It’s a play on words — basing an analysis on “corrupt” data will inevitably lead to “corrupt” results…and “corruption” is “immoral” … so doing an analysis[or “simulation”] that [you ought to know] will yield “corrupt” results [because it is based on “corrupt” data] is “immoral.”

    This specific play on words mixes metaphorical concepts–introducing “moral” or [in this case] “immoral” in the context of “corrupt” data as described here is really not that uncommon and that is used in the same basic sense as the other fun expression:

    “Torture the data until it confesses.”
    (another with an underlying morality theme, the Spanish Inquisition, associated with intentional analytic manipulation to get a particular/desired result regardless of what the truth is [typically associated with marketing & routinely used in the financial services industry]; of course, nobody thinks data has feelings that render it susceptible to “torture” from which a “confession” is elicited — this expression reflects willful analytic misconduct, what some call an “evil” or “malevolent” analysis [Juan’s description is consistent with inadvertent analytic misconduct, so rather than being teased harshly as “evil” the softer “immoral” was used; again, use of that term (and others) in this sense isn’t that uncommon…]).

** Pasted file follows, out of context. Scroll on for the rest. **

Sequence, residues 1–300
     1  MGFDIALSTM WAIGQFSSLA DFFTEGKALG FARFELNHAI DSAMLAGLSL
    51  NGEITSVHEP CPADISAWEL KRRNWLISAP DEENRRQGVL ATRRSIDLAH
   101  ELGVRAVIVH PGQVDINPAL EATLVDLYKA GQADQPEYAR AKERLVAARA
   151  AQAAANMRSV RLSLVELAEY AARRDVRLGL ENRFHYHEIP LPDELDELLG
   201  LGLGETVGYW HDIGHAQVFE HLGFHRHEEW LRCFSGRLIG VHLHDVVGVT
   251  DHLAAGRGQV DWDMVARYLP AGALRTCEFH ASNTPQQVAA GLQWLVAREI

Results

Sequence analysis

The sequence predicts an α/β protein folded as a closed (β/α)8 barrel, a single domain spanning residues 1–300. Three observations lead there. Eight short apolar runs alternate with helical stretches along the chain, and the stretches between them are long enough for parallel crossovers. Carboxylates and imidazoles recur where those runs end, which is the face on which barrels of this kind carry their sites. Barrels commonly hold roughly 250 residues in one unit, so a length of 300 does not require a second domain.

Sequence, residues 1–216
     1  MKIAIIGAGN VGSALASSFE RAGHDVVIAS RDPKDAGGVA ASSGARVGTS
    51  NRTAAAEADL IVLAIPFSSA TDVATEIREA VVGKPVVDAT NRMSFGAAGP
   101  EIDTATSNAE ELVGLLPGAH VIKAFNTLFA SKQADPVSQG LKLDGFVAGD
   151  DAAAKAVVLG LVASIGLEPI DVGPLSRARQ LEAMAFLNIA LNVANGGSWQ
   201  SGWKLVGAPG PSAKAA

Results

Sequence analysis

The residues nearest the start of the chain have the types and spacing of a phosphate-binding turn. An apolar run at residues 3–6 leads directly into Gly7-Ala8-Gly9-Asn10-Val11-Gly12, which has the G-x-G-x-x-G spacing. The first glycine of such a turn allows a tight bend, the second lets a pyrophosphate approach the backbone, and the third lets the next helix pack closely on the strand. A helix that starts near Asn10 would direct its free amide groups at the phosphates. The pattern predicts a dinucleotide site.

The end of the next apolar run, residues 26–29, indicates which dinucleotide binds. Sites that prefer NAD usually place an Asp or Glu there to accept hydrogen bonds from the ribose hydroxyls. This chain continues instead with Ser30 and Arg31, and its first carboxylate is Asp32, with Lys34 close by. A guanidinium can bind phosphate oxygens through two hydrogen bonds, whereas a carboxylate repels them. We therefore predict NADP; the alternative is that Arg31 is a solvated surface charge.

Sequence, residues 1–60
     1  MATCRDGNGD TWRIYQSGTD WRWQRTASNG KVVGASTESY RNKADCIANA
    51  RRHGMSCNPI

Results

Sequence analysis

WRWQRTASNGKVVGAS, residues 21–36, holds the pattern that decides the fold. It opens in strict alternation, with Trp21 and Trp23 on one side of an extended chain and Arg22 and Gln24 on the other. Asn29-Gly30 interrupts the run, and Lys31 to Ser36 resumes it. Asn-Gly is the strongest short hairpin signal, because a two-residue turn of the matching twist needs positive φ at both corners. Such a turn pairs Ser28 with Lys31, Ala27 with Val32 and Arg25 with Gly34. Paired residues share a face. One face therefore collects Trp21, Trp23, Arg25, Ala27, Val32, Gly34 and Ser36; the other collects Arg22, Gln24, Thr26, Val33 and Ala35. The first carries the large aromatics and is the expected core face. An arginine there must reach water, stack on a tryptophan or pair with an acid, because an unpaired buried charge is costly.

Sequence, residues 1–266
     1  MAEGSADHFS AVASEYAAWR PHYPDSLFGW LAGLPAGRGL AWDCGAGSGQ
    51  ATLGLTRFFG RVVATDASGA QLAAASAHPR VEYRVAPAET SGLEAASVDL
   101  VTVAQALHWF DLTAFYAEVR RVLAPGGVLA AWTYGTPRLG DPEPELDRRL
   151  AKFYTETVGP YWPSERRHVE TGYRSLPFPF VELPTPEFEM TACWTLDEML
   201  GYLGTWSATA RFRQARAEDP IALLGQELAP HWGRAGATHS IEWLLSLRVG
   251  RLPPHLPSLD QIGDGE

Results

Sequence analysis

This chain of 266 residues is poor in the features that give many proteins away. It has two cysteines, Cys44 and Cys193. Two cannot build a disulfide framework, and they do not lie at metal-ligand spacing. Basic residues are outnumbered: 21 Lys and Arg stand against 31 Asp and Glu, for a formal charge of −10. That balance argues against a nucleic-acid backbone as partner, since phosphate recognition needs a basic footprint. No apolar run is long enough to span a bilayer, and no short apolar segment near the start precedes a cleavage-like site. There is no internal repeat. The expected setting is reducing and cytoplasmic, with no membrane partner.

21. ” He said that calculating the stationary distribution was simulating an immoral experiment!”

    “A couple of years later I asked a friend, who holds a PhD in Biostatistics from Harvard, about this and she agreed with the chief statistician.”

    My take on the wording is that the chief statistician and the friend with the PHD in Biostatistics considered it to be experimentation on human subjects. Which would be considered immoral without explicit consent from the subjects of the experiment.